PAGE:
The president of an Ivy League university stepped down on Saturday in the wake of a row after a congressional hearing on the rise in anti-Semitism on US campuses.
The University of Pennsylvania President Elizabeth Magill “voluntarily tendered her resignation,” the chair of the university's board of trustees Scott Bok announced.
Mr Bok then stepped down himself, according to the Daily Pennsylvanian, the campus student newspaper.
Ms Magill was among three presidents of elite universities who faced withering criticism for their testimony on Tuesday during a congressional hearing on campus anti-Semitism.
The trio gave long-winded, legally-safe and seemingly evasive answers at the hearing when asked whether students who called for the “genocide of Jews” on their campuses broke codes of student conduct.
The fallout from the comments was rapid and intense.
Seventy-four politicians wrote letters demanding the immediate removal of Magill and the presidents of Harvard University and the Massachusetts Institute of Technology.
Harvard's president, Claudine Gay, apologised afterwards for failing to more strongly condemn threats of anti-Semitic violence on her campus.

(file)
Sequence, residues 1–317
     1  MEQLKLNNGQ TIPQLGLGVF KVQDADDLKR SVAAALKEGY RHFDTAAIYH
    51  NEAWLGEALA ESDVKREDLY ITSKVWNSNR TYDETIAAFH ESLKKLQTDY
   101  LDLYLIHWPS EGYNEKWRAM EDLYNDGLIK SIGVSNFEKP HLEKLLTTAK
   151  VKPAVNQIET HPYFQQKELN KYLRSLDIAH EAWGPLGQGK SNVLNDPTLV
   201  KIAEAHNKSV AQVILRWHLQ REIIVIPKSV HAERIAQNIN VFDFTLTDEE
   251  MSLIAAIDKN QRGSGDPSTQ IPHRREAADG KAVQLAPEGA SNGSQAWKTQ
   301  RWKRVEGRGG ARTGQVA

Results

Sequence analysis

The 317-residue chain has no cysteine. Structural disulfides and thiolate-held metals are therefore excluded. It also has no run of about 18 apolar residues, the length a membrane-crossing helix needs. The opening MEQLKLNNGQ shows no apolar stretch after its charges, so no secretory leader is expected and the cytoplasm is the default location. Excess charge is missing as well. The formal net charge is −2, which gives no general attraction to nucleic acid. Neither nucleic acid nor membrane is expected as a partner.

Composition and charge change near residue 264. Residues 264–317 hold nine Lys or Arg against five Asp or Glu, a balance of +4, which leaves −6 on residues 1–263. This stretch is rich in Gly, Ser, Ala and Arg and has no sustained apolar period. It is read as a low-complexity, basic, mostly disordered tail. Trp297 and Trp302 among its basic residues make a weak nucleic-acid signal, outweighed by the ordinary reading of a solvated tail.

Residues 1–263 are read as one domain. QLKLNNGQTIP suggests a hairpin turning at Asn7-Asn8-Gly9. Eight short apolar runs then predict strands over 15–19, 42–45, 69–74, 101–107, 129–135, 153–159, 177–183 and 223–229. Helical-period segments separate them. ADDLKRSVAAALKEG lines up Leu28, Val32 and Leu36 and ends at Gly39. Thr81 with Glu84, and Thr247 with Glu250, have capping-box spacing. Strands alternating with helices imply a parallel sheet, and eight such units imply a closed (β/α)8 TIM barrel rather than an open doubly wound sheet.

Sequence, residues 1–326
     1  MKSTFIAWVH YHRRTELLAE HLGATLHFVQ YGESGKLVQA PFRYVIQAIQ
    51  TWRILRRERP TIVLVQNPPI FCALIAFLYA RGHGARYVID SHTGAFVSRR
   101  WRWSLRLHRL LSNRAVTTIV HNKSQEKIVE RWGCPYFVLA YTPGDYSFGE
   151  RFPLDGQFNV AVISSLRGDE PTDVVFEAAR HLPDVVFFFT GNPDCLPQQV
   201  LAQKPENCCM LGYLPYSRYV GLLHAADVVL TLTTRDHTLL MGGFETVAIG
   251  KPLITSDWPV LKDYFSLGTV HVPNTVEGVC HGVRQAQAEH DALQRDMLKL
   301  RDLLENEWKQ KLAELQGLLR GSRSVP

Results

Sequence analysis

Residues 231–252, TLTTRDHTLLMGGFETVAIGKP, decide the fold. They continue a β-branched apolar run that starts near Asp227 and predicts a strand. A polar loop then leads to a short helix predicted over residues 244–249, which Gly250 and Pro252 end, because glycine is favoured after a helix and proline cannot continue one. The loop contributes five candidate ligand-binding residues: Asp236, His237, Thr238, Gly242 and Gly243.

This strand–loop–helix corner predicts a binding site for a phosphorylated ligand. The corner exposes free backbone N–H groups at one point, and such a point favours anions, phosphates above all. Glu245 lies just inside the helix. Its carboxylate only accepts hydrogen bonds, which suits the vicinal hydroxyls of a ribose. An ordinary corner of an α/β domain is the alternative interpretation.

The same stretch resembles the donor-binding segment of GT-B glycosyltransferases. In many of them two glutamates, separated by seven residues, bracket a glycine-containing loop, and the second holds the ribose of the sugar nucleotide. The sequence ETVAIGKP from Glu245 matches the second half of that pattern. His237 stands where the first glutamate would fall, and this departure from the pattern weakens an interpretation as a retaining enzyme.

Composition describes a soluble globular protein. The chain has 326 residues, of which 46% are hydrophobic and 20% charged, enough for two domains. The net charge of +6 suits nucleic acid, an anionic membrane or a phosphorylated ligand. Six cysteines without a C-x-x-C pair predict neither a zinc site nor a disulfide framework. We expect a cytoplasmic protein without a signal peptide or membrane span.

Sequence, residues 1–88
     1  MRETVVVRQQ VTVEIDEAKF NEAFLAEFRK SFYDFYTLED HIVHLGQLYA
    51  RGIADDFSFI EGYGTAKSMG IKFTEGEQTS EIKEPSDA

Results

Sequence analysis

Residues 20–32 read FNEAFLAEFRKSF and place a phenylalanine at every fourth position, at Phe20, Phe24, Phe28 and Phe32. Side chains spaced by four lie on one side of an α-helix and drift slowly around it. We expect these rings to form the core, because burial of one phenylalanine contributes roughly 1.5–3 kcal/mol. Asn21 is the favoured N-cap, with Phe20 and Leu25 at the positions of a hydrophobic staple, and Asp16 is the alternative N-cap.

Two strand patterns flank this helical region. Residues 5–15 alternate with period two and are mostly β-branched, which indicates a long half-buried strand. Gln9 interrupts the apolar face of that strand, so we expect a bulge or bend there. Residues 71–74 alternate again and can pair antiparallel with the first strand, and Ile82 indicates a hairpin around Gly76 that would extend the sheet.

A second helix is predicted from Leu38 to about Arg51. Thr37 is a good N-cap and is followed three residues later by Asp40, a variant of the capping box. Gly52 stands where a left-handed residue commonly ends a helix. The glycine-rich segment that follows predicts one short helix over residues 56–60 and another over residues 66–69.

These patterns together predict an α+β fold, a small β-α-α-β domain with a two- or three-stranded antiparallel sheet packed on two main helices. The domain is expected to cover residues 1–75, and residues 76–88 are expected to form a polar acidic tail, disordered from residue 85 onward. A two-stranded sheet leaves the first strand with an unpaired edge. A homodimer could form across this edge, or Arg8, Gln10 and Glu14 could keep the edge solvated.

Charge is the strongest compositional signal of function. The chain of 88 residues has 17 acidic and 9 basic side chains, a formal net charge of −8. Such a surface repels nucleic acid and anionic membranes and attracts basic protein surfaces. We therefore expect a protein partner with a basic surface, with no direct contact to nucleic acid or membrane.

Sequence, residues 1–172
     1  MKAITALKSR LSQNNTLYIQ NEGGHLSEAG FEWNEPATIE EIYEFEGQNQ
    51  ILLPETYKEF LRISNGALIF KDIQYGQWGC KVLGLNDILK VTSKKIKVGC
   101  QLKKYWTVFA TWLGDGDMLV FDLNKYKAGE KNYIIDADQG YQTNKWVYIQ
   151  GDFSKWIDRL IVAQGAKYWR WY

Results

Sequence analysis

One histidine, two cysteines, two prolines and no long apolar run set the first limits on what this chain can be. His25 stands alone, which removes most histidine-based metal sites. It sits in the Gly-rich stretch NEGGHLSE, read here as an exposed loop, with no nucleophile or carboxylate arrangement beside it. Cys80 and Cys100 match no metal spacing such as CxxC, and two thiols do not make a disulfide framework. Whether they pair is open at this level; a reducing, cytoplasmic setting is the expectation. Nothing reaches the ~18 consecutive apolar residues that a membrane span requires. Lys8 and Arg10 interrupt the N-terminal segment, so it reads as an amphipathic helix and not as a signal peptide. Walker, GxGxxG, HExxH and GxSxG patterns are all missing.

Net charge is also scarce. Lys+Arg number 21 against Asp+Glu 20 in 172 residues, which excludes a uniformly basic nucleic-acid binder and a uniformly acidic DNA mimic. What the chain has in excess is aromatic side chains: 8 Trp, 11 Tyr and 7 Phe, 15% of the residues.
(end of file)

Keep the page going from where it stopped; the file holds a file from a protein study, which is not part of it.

“When words amplify distress and pain, I don't know how you could feel anything but regret,” Ms Gay told the Harvard Crimson newspaper.
Ms Magill faced even more scathing criticism.
Pennsylvania's Democratic governor called her performance “absolutely shameful,” and a major donor said he would rescind a $100 million donation to the university's Wharton School of Business.
Mr Bok, who helms the university's board of trustees, a body that handles major governance issues, said Ms Magill made “a very unfortunate misstep” as he announced her departure.
“She was not herself last Tuesday,” Mr Bok said in the statement published by the school paper.
“Over prepared and over lawyered given the hostile forum and high stakes, she provided a legalistic answer to a moral question, and that was wrong.”
“It made for a dreadful 30-second sound bite in what was more than five hours of testimony.”
He said his resignation was “effective immediately.”
In Mr Bok's note to the campus, he said Ms Magill would stay in her post until an interim president is appointed and would remain on the university's law school faculty.
Anti-Semitism and hate crimes have risen in the US and on university campuses since the October 7 attack on Israel by Hamas militants and the ensuing war in Gaza.
With passions inflamed on campuses, a broader debate has taken place about when freedom of speech on campuses turns into conduct that threatens others.